Whether it be face-to-face communication or via digital means, the following six reasons will explain why effective communication should be a focus in your business.

Good communication builds and maintains relationships

Building professional relationships is about much more than making friends at work. The strength of your professional relationships have a strong correlation with your effectiveness. 

Relationships are built and can be maintained by positive encounters with others. Communication will be key to this process – without effective skills, it will be difficult to properly construct and foster productive relationships.

Communication facilitates innovation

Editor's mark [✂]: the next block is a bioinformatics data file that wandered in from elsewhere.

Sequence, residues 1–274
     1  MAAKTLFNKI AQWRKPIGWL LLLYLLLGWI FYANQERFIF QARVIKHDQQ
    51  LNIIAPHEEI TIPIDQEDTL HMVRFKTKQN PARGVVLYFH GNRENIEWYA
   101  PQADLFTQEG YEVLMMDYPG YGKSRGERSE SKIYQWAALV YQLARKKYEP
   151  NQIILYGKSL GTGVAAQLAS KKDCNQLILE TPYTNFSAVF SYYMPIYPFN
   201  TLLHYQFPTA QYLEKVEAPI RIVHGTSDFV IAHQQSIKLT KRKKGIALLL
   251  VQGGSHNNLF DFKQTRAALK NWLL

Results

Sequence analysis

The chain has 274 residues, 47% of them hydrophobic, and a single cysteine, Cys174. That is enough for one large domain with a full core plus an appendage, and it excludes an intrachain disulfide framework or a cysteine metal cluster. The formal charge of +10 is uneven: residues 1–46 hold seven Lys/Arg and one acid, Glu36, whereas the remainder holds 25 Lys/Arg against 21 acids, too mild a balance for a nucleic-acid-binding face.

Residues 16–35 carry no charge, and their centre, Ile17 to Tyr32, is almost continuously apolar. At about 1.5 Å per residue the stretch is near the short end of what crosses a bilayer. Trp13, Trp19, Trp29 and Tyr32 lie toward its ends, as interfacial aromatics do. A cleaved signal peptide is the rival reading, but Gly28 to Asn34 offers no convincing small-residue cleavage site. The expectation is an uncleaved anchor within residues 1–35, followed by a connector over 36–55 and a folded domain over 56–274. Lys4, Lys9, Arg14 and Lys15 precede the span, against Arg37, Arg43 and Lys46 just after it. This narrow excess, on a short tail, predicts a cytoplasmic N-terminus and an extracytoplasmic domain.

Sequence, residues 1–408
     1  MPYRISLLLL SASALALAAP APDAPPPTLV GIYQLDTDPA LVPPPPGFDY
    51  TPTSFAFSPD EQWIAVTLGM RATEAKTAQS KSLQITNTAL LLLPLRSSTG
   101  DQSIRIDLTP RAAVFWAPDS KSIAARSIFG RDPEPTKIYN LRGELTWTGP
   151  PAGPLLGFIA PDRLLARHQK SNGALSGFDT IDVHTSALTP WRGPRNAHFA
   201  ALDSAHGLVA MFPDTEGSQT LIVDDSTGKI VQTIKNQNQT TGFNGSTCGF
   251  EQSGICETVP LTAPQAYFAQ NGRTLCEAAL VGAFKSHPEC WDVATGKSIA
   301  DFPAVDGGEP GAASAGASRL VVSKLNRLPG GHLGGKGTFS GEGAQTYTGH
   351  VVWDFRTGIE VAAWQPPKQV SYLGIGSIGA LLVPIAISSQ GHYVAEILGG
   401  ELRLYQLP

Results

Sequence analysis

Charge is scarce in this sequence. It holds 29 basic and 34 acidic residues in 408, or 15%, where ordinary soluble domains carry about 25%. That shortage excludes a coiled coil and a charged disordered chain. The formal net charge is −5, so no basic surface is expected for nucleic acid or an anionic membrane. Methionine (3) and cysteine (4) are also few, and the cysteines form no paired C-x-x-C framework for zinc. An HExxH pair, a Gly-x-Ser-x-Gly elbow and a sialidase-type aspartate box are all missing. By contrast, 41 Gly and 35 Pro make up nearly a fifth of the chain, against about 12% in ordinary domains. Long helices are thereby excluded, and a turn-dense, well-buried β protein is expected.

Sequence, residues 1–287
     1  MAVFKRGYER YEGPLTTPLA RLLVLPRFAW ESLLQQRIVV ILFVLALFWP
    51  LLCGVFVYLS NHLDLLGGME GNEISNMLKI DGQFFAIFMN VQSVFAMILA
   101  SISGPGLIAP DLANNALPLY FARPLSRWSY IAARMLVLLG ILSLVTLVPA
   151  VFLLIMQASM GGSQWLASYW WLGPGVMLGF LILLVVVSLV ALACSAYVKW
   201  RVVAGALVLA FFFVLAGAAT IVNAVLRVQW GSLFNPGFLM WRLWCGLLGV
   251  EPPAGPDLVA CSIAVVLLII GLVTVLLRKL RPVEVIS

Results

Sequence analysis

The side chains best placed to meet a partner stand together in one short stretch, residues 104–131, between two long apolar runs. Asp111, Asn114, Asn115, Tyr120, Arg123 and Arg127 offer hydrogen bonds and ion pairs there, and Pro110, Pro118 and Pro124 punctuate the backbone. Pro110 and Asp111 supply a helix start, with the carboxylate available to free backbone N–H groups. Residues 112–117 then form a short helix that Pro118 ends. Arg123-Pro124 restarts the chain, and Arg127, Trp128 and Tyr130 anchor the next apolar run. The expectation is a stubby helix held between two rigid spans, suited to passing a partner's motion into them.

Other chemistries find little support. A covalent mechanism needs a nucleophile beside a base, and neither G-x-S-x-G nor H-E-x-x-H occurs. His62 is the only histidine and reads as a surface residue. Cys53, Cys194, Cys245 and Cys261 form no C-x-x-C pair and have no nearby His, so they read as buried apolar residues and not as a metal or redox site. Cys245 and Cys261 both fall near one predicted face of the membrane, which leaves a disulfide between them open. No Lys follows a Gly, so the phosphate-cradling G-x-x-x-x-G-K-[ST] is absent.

When employees feel comfortable about openly communicating new ideas, cooperation and innovation will flourish. Conversely, if staff are unable to convey their ideas due to limited communication skills, it is likely that the idea will not be implemented to its full potential.

Strong communication fosters more strong communication. When everyone’s ability to communicate ideas effectively, the quality of ideas will likewise improve.

It builds effective teams

When open communication within a workplace is encouraged, more cohesive and effective teams will emerge. Good communication within a team also tends to boost employee morale. When employees feel that they are well informed of the company’s direction and vision, they will feel more secure within their role. 

The importance of teamwork in the workplace is clear and it is often directly influenced by effective communication practices. Regular internal communication can also lead to an improved work ethic if staff are reminded of achievements and feel that they are working towards a common goal.